‘Just Dropped In (To See What Condition My Condition Was In)’ by Kenny Rogers and The First Edition
From the album The First Edition (1967)
Kenny Rogers, country legend, records seminal counter-culture hit song featured on the soundtrack for The Big Lebowski, with Glen Campbell, country legend, guesting as a session guitarist. Sound familiar? Nope. Didn’t to me either until I Shazam-ed the song whilst watching The Big Lebowski last night, naively assuming that it was a song by The Byrds.
I’ve always had a soft spot for psychedelia; the music and the scene surrounding it in the late ’60s/early 70s, which probably stems from my dad (an ex-hippy who has been steadily regressing since he bought himself a guitar for his 50th birthday) lending me the films Easy Rider and Woodstock when I was around 13 years old. This was compounded by my discovery and subsequent love of books that inspired or reflected upon that time, such as On The Road by Jack Kerouac, Hunter S. Thompson’s Hell’s Angels and Inherent Vice by Thomas Pynchon.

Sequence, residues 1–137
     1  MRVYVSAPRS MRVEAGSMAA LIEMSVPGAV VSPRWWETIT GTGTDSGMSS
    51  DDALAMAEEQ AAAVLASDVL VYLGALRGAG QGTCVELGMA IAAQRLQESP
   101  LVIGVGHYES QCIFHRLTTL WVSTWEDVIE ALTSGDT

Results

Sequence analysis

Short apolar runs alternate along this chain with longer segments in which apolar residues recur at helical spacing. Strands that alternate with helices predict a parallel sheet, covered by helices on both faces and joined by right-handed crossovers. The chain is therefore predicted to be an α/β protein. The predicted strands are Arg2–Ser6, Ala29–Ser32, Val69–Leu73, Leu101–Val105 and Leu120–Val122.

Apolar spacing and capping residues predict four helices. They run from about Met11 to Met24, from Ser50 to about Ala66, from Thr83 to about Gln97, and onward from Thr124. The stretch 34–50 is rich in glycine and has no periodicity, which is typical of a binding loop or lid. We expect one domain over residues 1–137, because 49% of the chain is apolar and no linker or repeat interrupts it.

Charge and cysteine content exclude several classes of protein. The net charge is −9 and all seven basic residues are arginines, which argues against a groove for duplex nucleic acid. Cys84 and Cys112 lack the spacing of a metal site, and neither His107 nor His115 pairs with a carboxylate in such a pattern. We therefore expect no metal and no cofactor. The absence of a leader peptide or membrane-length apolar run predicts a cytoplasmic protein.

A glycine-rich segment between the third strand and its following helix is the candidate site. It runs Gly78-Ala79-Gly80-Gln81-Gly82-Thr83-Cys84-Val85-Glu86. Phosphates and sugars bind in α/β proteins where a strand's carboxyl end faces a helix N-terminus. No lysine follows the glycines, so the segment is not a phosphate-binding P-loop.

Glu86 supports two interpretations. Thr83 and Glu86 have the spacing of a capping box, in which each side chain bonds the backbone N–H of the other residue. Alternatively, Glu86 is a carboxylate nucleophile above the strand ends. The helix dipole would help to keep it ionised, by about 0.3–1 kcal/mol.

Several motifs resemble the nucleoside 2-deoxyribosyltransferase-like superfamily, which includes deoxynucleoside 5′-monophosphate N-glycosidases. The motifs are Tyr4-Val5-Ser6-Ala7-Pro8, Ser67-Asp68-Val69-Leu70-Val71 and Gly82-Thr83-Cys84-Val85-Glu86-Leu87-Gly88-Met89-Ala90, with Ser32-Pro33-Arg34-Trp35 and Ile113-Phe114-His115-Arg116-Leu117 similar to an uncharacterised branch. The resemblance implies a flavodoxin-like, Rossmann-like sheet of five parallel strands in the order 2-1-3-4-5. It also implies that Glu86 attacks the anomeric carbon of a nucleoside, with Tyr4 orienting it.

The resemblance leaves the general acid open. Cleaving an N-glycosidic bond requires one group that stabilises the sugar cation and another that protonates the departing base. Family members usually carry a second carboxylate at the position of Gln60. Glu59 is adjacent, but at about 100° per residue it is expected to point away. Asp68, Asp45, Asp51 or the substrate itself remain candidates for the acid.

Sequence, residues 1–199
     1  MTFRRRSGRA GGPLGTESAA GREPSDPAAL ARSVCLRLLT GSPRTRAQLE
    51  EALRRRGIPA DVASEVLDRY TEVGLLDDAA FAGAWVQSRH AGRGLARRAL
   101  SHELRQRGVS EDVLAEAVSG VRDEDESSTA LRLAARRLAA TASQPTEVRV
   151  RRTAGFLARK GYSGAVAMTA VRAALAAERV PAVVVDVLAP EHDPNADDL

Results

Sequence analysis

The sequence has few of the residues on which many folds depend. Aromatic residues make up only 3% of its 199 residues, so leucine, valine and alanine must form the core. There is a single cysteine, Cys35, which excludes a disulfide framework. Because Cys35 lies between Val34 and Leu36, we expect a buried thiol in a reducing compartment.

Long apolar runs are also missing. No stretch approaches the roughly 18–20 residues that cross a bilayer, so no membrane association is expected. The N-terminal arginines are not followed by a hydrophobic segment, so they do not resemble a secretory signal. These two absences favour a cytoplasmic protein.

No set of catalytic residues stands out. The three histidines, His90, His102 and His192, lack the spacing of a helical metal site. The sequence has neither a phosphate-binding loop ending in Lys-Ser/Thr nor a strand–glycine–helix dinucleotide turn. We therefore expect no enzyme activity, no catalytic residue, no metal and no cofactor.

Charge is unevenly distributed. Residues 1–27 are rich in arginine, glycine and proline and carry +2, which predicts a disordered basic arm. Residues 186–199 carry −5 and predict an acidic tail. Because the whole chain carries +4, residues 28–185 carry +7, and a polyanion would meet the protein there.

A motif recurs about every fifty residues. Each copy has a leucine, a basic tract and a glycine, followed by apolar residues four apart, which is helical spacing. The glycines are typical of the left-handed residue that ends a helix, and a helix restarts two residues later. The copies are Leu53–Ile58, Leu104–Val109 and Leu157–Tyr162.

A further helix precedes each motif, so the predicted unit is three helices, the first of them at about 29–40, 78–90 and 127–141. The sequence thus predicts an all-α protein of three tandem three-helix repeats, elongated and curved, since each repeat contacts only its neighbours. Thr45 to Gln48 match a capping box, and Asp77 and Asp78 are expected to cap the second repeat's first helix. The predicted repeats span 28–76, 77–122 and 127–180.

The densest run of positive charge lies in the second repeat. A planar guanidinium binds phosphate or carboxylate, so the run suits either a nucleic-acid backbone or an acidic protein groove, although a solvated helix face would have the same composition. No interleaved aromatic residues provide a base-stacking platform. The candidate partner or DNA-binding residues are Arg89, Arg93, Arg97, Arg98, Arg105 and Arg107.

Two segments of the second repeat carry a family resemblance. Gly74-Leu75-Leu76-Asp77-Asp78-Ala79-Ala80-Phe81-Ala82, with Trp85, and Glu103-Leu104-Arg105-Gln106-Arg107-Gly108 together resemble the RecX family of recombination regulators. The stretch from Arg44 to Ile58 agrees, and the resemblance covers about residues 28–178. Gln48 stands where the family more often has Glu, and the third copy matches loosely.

The song itself was originally written and recorded by Mickey Newbury (who?) as a warning of the dangers of LSD after Newbury went on one hell of a bad trip and the subsequent rerecording by Rogers et al, redone as more of a celebration of the very substance Newbury wanted to warn against, is a lot more interesting than the acoustic guitar, cello and whistling drone of the original. The First Edition’s version has a lot of the tropes that you would expect from a classic cut of psychedelia – backwards guitars, harmonised backing vocals and organs opened up to the burgeoning range of effects available in a recording studio and that weird feeling that makes you feel as though you are listening to the song in a long, dark tunnel (related to aforementioned studio effects). The song is used perfectly by the Coen Brothers in their aforementioned masterpiece The Big Lebowski, in a scene where Jeff ‘The Dude’ Lebowski has his White Russian drugged by a shady pornographer, which makes a lot more sense in the context of the film (a must-watch, fyi).
Turn on, tune in, drop out, dudes. Peace.